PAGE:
That could have been a compromise in good faith, if the Republicans had accepted it. But they did not, because it was not the issue. Instead they did what abusers always do. They came up with another accusation," You're trying to kill grandma!" (Abusers often become increasingly irrational in their accusations, as each previous objection is answered.) They compared healthcare reform to a Nazi plan, and accused the Democrats of plotting to kill newborns and disabled children. Together, talk show pundits and the health care industry mobilized thousands of gullible, ill-informed consumers to attend town meetings carrying signs and slogans. While these had no basis in fact, they were successful in stirring up national hysteria.

Once more, the Democratic appeasers tried to calm things down using reason. "Oh, dear, you must have misunderstood. That was never my intention." And did their Republican opponents say, "Gosh, glad to hear it. I didn't think you would do anything like that, my fellow Americans?" Again, not likely.

In keeping with the cycle, they raised still more bogus issues to find fault with. The plan would increase the deficit, break the system, and give free healthcare to illegal immigrants ----anything they could find in the kitchen sink to throw at the Democrats who continued their appeasement tactics, still trying to get a bi-partisan bill. If you know anything about abuse, you know that was never going to happen.

Why? Because, from the point of view of an abuser, the other person is not just doing something wrong, which theoretically s/he could correct. They are something wrong - fundamentally wrong. Like black. Or female. Or gay. Or child. Or liberal. Or Hutu. Take your pick--it could be any "other." Wrong by definition. Irrevocably and irredeemably bad and wrong. And you don't compromise with someone who is bad and wrong.

Nor do you acknowledge their strengths or victories.

If someone is, de facto, bad and wrong, then anything positive they do or get must be a mistake. Ergo, the Nobel Prize is, paradoxically, both worthless and undeserved. If Obama got it, the logic goes, since he is worthless, the prize must be worthless. But if it has value, Obama is such a piece of shit that he should give it back - like a child caught shoplifting. Ask any abusive parent why he or she hit their child, and they will tell you "He deserved it," or "I need to whip the devil out of him." The RNC, Fox News, and Rush Limbaugh use the same sort of language about Obama. They do not merely disagree with the President's actions or policies. They impugn his character, his citizenship, his patriotism, and his very being. Obama cannot do anything right, because, from their perspective, who he is, is wrong. Period.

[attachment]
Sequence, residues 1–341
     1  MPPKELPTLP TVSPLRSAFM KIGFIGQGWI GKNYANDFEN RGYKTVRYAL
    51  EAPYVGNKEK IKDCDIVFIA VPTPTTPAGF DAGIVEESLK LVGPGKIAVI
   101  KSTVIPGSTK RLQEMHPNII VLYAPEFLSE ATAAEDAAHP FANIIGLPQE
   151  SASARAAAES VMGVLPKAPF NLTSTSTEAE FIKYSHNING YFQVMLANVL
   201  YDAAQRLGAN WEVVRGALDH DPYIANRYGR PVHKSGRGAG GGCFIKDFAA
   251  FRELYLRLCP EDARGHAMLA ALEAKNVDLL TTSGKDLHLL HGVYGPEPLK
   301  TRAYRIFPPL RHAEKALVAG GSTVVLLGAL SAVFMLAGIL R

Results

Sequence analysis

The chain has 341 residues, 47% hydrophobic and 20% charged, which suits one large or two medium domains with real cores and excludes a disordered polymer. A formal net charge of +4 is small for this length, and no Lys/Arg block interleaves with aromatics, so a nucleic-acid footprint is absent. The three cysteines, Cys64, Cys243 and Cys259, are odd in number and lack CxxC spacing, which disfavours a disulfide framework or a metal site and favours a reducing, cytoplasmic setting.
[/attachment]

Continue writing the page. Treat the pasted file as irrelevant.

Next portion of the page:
There is only one thing to do in the face of abuse: refuse to play your role. An abuser cannot abuse unless their partner is willing to appease, for the sake of the relationship, or for the sake of bi-partisanship, which is the same thing. That's the game. It takes two to play it. Of course, you can never appease an abuser enough. That, too, is the game. If you want to end the abuse, you must stand up for yourself. The best way for an abused woman to stop her abuser is to say, "You take one more step and I'm calling 911," and then do it. This is something Republicans understand. They are not afraid to stand up for what they believe in. They frequently and correctly wipe the Democrats' noses in their own wimpy behavior -behavior which, ironically, enrages the abuser more and adds to his disrespect. As counter-intuitive as it may seem, appeasement feeds the cycle of abuse.

To halt it, Democrats must say, "I'm sorry you don't like the public option, but Americans overwhelmingly want this. Moreover, it is necessary for the very thing you say is paramount: cost containment. If you don't want to sign on, that's fine-we'll do it without you," and then make sure the voters know, in no uncertain terms, who worked for the people and who worked for the insurers.

This is beginning to happen. Democrats are waking up to the fact that the opposition was never trying to reach agreement. South Carolina Senator Jim DeMint told us that back in July, when he said "If we're able to stop Obama on this it will be his Waterloo. It will break him." That's pretty clear. What more would you need to hear to know you're in an abusive relationship?

An abuser is like a drunk. You don't argue with a drunk. Nothing you do or say is going to change them. You have to walk away, without appeasing or returning the abuse, and do what you think is right. Sure, it's a risk, but to allow such a cycle to continue unchecked can lead to catastrophe.

Abuse too often escalates beyond words. Jay Severin, Boston-based talk show host, already called on his listeners to "destroy" Obama before he causes "our doom as a nation." Fox News commentator Liz Trotta quipped, with a chuckle and a smile, that it would be nice to assassinate both Osama bin Laden and Obama. In Maine, a convenience store hosted a betting pool on when Obama will be assassinated, accompanied by a sign that read: "Let's hope someone wins."

How far must this go before the President sees the handwriting on the wall and stops his compromise and appeasement tactics? If he doesn't, we know too well where it could end.